Cold Side of the Ice
by Martin Brick
Me: (silence, sitting on one of many uncomfortable chairs, something he calls mission style)
Step-Father-Figure (though he'll never marry Mom): What's wrong?
Me: I fell through the ice.
SFF: You're not wet.
Me: Duh. I changed clothes. I'm not helpless.
SFF: I was sort of joking -- I thought you were going sledding?
Me: Yes. On the hill at the park by the river. I had a good run, I guess, and slid too far and the ice broke.
SFF: You want some cocoa?
SFF: Wasn't that bad, huh? Warmed up already?
Me: No. It was cold. Really cold. Like, I used to think it was cold in California when I had to wait for the bus in the rain. And then we moved here and I thought it was cold when you see your breath and the car doesn't start. But this was the coldest cold I've ever felt.
SFF: So you want some cocoa with a little splash of brandy?
Me: Should I tell Mom you offered that?
SFF: I was just joking.
Me: She says you grow less funny by the day.
SFF: (Shrugs. Sits in one of his dumb chairs, as always, carrying a little green bottle of ginger ale)
Me: I think I'd like to sit here and enjoy the cold.
SFF: Enjoy it?
Me: Yeah. It was so bad. The worst. And I don't want to change this by drinking something or cuddling up in blankets.
SFF: But you changed out of your wet clothes?
Me: Yeah. I regret that.
SFF: Otherwise you're content with your discontent state?
Me: What I know is that I felt something bigger than I've ever felt before. I've heard people say they were chilled to the bones. This was really it. My bones felt like metal. Like they were something strange put inside me. And my heart felt weird ~ flitty ~ like a fish flopping around. My first impulse was to run home and change and all that. But now I'm beginning to regret the impulse. I don't want to forget it. I don't want that cold to be half a memory. I don't want to cover it up.
SFF: And the cocoa and maybe a nice fire would just cozy up your memory, and make you too mediated?
Me: I don't know that word in the way you are using it.
SFF: Too contrived. Like being manipulated by another force. You're not experiencing the pure memory.
Me: Sure. I guess.
SFF: You're mother says you don't have any friends.
Me: This is true.
SFF: It's probably because not many nine-year-olds speak like you.
SFF: How'd a young girl like you get so smart?
Me: From Mom. She has an I.Q. of 141.
SFF: She's mentioned that to me once or twice.
Me: (silent pause)
SFF: That's nostalgia in a nutshell, though. You're on to it. You know what nostalgia is?
Me: From the Greek, nostros, home, and algos, pain. Thus, the pain of home.
SFF: Spelling bee practice?
SFF: Well, let me tell you, when you get older you will look at those spelling bees and there will be a boy. At first you will be attracted from afar. Mesmerized. And you will get to know him just well enough, but not too well. Enough to let him become a myth in your head. He'll grow to encompass everything you think you desire. And it will hurt to think about what you've lost. But you will love that hurt. It's best if you've had an experience with him on a rainy day. Then, when it rains it will make you want to sit in your car and listen to old mix tapes and think about him. It will hurt, but you will love that hurt. Well, it sounds like that is what you are doing with this through-the-ice experience. Preserving it as a benchmark.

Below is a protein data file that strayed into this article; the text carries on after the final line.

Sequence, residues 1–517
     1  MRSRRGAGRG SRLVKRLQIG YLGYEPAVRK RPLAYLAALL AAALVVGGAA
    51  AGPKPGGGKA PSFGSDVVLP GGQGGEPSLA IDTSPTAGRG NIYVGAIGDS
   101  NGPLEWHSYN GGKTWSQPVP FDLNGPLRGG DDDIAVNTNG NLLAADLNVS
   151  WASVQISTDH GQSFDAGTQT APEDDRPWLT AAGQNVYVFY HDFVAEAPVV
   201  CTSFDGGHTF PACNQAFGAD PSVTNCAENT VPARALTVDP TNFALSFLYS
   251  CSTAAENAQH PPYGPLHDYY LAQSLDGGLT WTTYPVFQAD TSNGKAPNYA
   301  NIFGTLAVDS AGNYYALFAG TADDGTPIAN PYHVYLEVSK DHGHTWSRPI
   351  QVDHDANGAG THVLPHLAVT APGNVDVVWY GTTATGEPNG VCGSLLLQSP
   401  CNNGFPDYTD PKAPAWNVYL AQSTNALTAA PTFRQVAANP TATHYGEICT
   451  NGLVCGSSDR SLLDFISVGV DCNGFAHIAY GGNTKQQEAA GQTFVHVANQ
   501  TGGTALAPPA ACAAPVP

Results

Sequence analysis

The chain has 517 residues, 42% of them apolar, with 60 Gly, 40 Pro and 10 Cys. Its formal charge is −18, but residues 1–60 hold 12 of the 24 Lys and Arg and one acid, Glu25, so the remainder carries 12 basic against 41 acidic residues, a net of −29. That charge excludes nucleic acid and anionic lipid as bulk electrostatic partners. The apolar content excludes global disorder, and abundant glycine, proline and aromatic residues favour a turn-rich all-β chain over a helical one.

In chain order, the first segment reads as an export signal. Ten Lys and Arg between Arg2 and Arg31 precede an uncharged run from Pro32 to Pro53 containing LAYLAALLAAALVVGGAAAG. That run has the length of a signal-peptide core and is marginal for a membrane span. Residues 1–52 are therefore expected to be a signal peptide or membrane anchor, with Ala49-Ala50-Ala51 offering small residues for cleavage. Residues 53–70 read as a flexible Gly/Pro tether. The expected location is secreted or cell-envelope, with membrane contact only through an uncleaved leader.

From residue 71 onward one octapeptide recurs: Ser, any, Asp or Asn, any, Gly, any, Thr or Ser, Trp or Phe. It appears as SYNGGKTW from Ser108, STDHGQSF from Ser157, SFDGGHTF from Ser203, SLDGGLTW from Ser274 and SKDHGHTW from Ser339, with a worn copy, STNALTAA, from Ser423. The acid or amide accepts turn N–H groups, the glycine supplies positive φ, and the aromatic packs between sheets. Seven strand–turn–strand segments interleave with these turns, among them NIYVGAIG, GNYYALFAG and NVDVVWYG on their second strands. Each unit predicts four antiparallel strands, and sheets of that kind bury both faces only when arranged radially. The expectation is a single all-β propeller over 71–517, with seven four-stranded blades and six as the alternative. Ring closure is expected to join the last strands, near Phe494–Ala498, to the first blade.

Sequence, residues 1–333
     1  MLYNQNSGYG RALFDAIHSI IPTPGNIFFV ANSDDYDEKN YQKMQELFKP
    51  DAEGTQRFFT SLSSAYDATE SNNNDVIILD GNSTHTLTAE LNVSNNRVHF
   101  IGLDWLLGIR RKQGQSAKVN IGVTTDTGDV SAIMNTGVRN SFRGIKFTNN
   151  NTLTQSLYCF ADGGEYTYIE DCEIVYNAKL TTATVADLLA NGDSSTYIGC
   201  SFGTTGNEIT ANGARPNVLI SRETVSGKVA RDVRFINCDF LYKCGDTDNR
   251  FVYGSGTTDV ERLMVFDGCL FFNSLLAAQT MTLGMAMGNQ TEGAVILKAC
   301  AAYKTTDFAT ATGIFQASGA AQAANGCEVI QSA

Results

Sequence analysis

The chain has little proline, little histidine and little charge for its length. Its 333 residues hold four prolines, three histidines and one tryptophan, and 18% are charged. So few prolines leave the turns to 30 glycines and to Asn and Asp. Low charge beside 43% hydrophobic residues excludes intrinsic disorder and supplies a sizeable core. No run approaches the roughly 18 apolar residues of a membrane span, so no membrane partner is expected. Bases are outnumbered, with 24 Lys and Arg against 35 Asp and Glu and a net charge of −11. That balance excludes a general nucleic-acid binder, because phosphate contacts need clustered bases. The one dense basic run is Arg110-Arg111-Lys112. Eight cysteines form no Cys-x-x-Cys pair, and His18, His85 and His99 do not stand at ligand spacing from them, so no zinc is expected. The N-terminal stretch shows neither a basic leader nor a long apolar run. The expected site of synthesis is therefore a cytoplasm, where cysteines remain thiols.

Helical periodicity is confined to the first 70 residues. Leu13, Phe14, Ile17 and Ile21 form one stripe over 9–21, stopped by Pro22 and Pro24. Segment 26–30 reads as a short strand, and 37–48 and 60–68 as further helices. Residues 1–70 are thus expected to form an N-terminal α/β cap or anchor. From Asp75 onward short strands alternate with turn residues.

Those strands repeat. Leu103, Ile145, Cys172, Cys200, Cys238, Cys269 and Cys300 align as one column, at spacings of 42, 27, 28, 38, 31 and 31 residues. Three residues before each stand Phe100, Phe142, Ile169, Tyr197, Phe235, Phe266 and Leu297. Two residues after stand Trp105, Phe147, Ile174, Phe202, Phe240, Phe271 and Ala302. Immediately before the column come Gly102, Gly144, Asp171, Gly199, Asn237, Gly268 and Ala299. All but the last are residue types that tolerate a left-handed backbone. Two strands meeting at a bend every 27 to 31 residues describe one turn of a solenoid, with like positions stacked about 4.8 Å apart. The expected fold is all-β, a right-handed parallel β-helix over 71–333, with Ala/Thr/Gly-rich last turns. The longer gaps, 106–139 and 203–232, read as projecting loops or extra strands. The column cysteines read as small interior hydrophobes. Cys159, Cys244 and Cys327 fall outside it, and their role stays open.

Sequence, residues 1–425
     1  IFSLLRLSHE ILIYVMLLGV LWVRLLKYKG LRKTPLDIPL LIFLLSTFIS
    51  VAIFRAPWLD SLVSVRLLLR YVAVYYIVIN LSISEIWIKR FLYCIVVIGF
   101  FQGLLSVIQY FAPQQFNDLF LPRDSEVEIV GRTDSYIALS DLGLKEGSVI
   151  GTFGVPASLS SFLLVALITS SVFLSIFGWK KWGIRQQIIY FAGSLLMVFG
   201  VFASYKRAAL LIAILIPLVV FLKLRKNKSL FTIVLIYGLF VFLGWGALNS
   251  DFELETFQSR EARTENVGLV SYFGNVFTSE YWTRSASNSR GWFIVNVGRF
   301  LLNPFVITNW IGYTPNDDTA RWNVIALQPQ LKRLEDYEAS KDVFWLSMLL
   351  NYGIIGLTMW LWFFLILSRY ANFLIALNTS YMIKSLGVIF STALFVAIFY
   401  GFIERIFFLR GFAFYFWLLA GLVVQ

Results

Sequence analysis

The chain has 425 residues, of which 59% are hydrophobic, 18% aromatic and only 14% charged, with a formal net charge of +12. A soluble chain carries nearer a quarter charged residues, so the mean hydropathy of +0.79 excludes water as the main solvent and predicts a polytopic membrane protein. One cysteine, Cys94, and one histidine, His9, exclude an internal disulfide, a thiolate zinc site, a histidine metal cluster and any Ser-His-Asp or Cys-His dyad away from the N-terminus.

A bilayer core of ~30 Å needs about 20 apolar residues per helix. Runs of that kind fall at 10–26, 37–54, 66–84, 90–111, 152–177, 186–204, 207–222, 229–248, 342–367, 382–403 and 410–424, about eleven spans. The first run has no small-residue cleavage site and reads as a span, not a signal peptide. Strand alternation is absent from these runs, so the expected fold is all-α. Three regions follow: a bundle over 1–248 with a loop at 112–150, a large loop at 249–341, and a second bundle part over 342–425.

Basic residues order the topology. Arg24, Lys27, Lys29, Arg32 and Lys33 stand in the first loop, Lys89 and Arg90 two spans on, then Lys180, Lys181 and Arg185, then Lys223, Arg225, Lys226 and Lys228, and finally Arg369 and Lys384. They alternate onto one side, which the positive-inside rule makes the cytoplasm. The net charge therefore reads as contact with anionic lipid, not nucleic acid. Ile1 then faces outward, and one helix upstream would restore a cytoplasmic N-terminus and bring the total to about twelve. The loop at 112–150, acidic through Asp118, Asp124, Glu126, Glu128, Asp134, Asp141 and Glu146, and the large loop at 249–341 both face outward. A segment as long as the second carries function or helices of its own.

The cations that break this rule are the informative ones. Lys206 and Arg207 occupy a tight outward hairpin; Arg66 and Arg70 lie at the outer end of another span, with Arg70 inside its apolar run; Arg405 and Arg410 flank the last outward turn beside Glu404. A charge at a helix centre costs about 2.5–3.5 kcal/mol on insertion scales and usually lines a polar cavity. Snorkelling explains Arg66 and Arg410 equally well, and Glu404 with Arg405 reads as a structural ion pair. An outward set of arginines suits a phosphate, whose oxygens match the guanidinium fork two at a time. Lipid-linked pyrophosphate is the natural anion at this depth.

Me: It makes you want to put brandy in your coffee?
SFF: That's your mother speaking.
Me: She's also pointed out that, beyond the brandy, everything is about a girl and the rain for you. She doesn't really like your films.
SFF: It's not just that girl. It's towns. It's schoolrooms. Cars. Little forts built out of sticks. Crummy apartments. A day between jobs spent on a porch with an always-out-of-work friend playing chess. It's about those months and years that bludgeon you, but they spit out keepsakes. Little itchy maps to the past.
Me: Like Rene?
SFF: (long pause) Your mother knows about Rene?
Me: No. I found your box.
SFF: But your mother doesn't know?
SFF: You haven't told her? Like you feel some kind of allegiance with me? Willing to preserve one of my secrets despite your own mother's feelings?
Me: a) It would just hurt Mom, so I'm preserving her feelings. But, b) I guess I can relate to your wanting to keep the letters. I mean, I'm too old to play with BooBoo Bunny anymore. It just feels stupid, but I miss the me who used to like to play with BooBoo Bunny. So I still keep him. I relate to you, then.
SFF: (leaning back on chair, speaking in half serious/half sarcastic tone) I think we've made some real progress today. You know that? This is good for us as a domestic unit. I'm very happy with what has transpired here.
Me: You realize I'm not all that fond of myself, don't you?
About the author:
Martin Brick is currently pursuing a Ph.D. in British Literature at Marquette University. Recent publications include stories in Vestal Review, Sou'wester, RE:AL, Pindeldyboz ("Management" c. 2005), Beloit Fiction Journal, The Fox Cry Review, The Shore, The Orphan Leaf Review, The Circle, and other places. He is a former editor of Wisconsin Review and a past Pushcart Prize nominee.